One of the nice things about streaming Netflix is the non-mainstream content you get exposed to. In this case, Netflix offers the Red Riding trilogy from England. As a fan of crime dramas, such as Homicide: Life on the Street or Clockers, I am always interested in realistic stories that show the underbelly of society. Red Riding hits all the right notes. The trilogy consists of Red Riding 1974, Red Riding 1980 and Red Riding 1983.
The three films deal with the police corruption in North England, specifically the West Yorkshire Constabulary. Against a series of serial killings and child kidnappings, including the Yorshire Ripper murders, we see brutal police methods put to work to gain a conviction, regardless of the guilt or innocence of the accused. The top notch cast plays their detectives as hard men with rough edges. There is no pity in the interrogation rooms. The story here does more to frighten the viewer than any goofy horror film. Once you see how utterly helpless suspects can be in the grasp of corrupt police officials you will know what it's like to be truly powerless and vulnerable.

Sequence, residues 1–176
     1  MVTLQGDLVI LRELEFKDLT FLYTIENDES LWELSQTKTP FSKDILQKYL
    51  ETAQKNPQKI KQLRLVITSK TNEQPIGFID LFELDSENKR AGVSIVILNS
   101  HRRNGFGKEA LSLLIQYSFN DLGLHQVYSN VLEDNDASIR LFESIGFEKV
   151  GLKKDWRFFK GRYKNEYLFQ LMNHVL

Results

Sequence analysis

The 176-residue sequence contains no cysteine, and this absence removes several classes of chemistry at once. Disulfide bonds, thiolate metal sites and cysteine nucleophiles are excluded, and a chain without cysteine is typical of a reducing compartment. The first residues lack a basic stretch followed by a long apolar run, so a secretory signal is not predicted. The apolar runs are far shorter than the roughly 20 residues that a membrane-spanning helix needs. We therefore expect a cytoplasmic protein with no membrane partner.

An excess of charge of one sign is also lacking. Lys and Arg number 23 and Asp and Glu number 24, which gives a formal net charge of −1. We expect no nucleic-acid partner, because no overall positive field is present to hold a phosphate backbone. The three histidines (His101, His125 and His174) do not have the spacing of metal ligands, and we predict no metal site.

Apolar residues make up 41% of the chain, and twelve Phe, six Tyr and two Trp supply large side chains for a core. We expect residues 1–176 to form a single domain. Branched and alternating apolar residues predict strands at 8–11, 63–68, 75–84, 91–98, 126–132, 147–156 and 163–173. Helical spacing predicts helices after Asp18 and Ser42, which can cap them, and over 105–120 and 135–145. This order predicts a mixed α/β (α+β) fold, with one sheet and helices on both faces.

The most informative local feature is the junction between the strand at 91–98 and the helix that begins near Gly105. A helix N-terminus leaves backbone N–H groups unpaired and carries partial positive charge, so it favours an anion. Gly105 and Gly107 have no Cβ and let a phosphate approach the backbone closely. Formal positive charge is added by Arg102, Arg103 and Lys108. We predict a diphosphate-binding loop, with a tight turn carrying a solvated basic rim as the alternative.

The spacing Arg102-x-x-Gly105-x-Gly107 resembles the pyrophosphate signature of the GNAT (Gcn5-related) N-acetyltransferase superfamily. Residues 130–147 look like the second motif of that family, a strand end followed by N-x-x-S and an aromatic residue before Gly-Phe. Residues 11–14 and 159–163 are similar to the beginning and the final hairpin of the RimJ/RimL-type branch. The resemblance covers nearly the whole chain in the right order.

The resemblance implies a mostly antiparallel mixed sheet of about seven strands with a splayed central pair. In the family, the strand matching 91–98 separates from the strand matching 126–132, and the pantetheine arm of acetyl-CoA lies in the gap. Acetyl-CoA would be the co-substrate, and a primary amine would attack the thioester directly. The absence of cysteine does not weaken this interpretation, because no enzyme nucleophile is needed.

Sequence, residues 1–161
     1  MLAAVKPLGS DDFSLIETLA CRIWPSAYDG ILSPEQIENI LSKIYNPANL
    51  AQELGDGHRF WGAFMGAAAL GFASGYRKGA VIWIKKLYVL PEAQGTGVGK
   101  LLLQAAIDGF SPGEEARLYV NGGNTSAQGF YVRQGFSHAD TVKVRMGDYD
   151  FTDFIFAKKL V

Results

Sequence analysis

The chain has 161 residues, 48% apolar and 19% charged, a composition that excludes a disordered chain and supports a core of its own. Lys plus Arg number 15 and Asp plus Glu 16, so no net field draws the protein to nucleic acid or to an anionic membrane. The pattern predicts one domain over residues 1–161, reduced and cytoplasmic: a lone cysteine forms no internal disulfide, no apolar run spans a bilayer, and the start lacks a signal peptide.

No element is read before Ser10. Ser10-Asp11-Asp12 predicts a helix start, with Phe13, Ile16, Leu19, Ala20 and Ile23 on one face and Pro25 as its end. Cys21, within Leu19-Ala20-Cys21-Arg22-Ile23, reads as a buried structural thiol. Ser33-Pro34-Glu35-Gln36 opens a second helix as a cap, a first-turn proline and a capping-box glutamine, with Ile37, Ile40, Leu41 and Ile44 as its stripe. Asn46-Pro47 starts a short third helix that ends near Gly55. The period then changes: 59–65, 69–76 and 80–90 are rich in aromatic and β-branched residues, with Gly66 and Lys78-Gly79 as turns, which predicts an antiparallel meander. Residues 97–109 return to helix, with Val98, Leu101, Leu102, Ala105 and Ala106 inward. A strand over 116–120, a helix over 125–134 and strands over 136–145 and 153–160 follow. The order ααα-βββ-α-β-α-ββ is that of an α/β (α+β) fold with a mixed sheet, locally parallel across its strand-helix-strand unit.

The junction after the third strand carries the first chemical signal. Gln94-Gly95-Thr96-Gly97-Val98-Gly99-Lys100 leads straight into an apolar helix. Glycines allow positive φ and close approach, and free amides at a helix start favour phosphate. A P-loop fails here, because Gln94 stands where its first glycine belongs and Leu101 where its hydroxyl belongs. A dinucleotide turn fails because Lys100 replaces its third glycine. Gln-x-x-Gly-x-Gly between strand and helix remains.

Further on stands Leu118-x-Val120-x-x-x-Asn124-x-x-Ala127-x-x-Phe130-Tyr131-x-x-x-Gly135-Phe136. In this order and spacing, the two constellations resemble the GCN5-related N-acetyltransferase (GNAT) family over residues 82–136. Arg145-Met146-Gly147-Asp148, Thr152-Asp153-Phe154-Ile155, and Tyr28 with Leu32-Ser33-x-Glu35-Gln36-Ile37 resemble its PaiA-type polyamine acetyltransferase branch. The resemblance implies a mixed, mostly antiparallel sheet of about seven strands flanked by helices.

Everyone is on the take as well. These officers don't so much view their job as serving and protecting as maintaining graft and protecting their patrons. Indeed, in the first film, asking the wrong questions about a string of child kidnappings stretching back several years gets cub reporter Eddie Dunnford in a lot of trouble.
One of the greatest aspects of the films is the cinematography. The bleak english countryside communicates the desperation of the people living near Yorkshire and the village of Fitzwilliam. There is an altogether familiarity for residents of our rust belt of gray concrete, desolate public housing and desperation.
The films demonstrate how authority can be corrupted in the absence of an informed public who cares about what is happening. In 1974, especially, we see how a corrupt mall developer uses money and influence to get public officials to do what he wants while they look the other way. Familiar, eh?
If you are a crime buff and enjoy realistic, gritty dramas on the subject I recommend all three Red Riding films.